“I want to swing,” he whined, staring out of the cabin window. “Why does it have to smell so bad?”

“I’m sorry, Henri,” Léon told him, hating himself. “We’ll leave in a day or so. This is just a short stop.”

“What day is it?”

“Sunday the fourteenth.”

“Sunday?” Henri’s face brightened. “There’s a church. I saw it from the bus. Can we go to mass, Papa?”

“Not this week.”

“Why not?”

Léon thought about all the reasons why not. The priest. The candles. The matches. The woman who needs to speak to the priest.

“Because it is not our denomination, that church. And today, we are very busy.”

“What are we doing?”

“We are going to build a grand Lego city.”

Henri was torn. He wanted to complain but he also wanted to play Lego with his father. Léon continued before Henri could make up his mind which way to lean.

“I was thinking I might create a giant multi-story undercover parking lot for all your cars.”

Henri’s eyes lit up. “Yes! With ramps!”

“Of course.”

They built Lego structures, Henri prattling on about his friends from his old school, especially a boy named Cesare whom Léon knew had been something between a friend and an enemy for Henri. There had been reports home of rivalry and schoolyard scrapping. He listened and constructed the undercover parking lot until Léon could take no more. He sat back and watched Henri line up his little cars with as much precision as his clumsy little five-year-old hands could muster.

“I see you have put all the red ones on the top floor,” he said. “Why are the blue and green ones on the next level and the other colors on the very bottom?”

“Because red is my favorite,” said Henri. “Then I like blue and green. Then the others.”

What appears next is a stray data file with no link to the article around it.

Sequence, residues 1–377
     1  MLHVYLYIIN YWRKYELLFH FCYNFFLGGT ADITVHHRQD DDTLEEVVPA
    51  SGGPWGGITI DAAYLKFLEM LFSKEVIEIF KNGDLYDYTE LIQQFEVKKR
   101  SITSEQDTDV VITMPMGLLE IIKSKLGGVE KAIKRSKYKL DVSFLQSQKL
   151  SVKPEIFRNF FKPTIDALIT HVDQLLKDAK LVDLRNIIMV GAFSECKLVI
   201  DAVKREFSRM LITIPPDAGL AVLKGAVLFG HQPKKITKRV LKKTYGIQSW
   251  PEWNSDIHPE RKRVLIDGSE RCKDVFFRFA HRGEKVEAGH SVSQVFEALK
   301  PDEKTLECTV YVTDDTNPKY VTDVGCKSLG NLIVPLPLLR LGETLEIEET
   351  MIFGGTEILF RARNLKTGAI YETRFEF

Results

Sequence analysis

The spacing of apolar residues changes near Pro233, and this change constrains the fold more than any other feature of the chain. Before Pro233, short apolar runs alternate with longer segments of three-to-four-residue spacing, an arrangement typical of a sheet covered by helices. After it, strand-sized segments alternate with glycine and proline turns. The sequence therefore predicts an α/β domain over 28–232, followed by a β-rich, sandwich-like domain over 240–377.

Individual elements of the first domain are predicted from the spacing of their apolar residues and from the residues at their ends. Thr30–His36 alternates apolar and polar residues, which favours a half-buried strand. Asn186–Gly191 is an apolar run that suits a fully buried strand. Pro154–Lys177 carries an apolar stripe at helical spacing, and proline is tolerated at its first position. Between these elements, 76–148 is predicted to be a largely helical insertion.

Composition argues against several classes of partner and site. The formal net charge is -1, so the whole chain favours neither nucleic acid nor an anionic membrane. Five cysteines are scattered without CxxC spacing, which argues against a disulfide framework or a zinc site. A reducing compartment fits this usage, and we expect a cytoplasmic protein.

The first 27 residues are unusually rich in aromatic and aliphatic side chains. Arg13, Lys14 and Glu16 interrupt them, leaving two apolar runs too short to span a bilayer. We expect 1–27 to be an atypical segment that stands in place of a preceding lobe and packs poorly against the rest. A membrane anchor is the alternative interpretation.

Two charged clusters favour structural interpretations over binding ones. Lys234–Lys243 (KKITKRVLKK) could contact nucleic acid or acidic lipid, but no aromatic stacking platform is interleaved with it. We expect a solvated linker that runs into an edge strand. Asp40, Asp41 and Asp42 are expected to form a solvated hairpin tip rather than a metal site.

Léon lay back on the floor, using his arms as a headrest, and watched Henri sort cars. “In some buildings, they have great machines that pick up the cars and lift them up high, and then slip them onto a shelf like a pair of shoes. When you want to get your car, you must ask the machine to go back up, pick up your car and bring it down to you.”

Henri stopped and stared. “Is that true?”

“As true as your favorite color is red. Would you like to see?”

Léon pulled up a video online and showed it to Henri. His son watched the video in awed wonder and insisted he watch it again three more times. Finally, he pushed the laptop away and commenced unloading his cars from the parking lot they’d built.

“Are we packing up?” Léon asked, relieved.

“No, we are building a car shelf with a machine. Can you help, Papa?”

Léon sighed. “Perhaps I shall just watch you, instead?”

Henri shook his head and pushed a load of Lego bricks toward him. “I will need help. You make the bottom shelves and I will do the machine.”

He nearly argued. He’d just played Lego with Henri for almost two hours, and now his son was demanding he play for yet another interminable length of time. But then Léon remembered it was he who’d pulled the boy out of school, and he who’d taken him away from Cesare and all his other friends. He who’d created this life of travelling limbo, he who’d brought them to this stinking town, in which there was nothing for his son to do except play Lego or matchbox cars in a motel room for hours on end.

He set to work on building the bottom shelves.

Unforgivable is available now on pre-order for Kindle. Get your copy here for auto-delivery to your device Thursday June 16, 2016: